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robmil 27th April 2011 01:12 PM

sound of discrete opamps
 
Hi all

Has anybody here listened to various DIY discrete opamps?

I have made a clone JE990 and it is very good but wondered if there is anything A LOT better out there - soundwise?

I looked at the various Sam Groner opamps as well as the line-up modified 918 as well as the plenty on the net.

I suppose I am asking what shouldn't I bother with as a DIY experiment:)

Rob

Ken Newton 27th April 2011 02:59 PM

Here is just one thread from diyaudio on the topic of discrete op-amps. There are others such threads here as well, just search this site. Listening experiences will vary with application, system context, and circuit implementation details.

http://www.diyaudio.com/forums/digit...amp-class.html

DF96 27th April 2011 03:28 PM

In some cases you may actually be listening to the feedback resistors and/or grounding arrangements rather than the op-amp, whether discrete or chip.

fotios 1st May 2011 11:01 AM

From LOW up to MID frequencies, discrete implementations are unsurpassed. From MID up to HIGH frequencies, enough ICs are competitive to discrete.
The only objective test - as i have mentioned a lot of times - is the use of instruments: an oscilloscope at the output, and a square wave as stimulus.

Bonsai 1st May 2011 02:03 PM

Just stick to IC op-amps.

;-)

AndrewT 1st May 2011 02:09 PM

Quote:

Originally Posted by Bonsai (Post 2557658)
Just stick to IC op-amps.

;-)

and remember to design around the few uA of output stage bias.

Arty 1st May 2011 02:25 PM

i simply do not see a real advantage of discrete opamps vs chips.
possibly can improve figures, but i allways had doubts about how usefull is it anyways.
I could be very wrong, but for example 0.001% thd or 0.00001 % thd makes no difference for me.
Then i check on valve amps and find rather high thd, reason to love a valve amp is its unique distorsion.

sounds a bit.. like split personality.
sure better to have and not need than need but not have, i agree with that, but is it realy worth it?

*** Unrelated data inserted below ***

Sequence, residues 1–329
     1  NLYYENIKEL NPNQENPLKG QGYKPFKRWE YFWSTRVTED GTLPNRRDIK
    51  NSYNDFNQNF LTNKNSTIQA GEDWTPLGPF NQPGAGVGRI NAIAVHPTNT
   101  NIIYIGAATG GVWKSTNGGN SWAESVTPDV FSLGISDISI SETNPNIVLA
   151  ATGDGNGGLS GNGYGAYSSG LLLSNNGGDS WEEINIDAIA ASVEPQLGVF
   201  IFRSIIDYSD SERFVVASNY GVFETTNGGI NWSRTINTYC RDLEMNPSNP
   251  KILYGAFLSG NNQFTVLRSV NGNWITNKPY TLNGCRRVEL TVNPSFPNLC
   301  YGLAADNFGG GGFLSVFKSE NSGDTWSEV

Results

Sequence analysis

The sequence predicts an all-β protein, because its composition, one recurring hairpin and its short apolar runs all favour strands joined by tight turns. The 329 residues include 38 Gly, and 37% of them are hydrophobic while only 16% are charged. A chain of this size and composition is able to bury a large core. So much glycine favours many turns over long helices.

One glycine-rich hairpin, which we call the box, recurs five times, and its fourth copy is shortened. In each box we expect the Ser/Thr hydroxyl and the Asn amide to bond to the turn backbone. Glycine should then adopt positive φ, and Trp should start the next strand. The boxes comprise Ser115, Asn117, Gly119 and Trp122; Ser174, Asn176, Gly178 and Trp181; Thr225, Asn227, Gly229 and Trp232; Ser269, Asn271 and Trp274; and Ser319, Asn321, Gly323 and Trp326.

i dunno..

as a DIY project, creating Your own discrete opamp on the otherhand sounds more than nice :D

AndrewT 1st May 2011 02:45 PM

I see two big differences between discrete opamps designed for audio duty and designed to sound good, vs IC opamps designed to be universal.

First is the number of components used in the respective topologies.
Second is the minuscule output stage bias.

I think the factors of 100 or so between the two make for a well designed discrete generally sounding better than IC.

wakibaki 1st May 2011 04:02 PM

Quote:

Originally Posted by robmil (Post 2552897)
I have made a clone JE990 and it is very good but wondered if there is anything A LOT better out there - soundwise?

It's unlikely.

There might be something that is minutely better, but a LOT better, no. There won't be anything that's a LOT better.

I say this without the benefit of listening. These days, for an amplifier to be a LOT better than another amplifier, one has to be a LOT worse than an amplifier can be.

You have to remember that amplifiers can only GET so good. There isn't room for improvement ad infinitum. Its an asymptote to perfection, not a straight line rising into the future for all time.

w

fotios 1st May 2011 05:52 PM

Quote:

Originally Posted by wakibaki (Post 2557765)
There isn't room for improvement ad infinitum. Its an asymptote to perfection, not a straight line rising into the future for all time.

Very nice phrasing Wakibaki. Mathematics is the corner-stone of Physics.
ad infinitum = without interruption.
asymptote = not going to meet; never.


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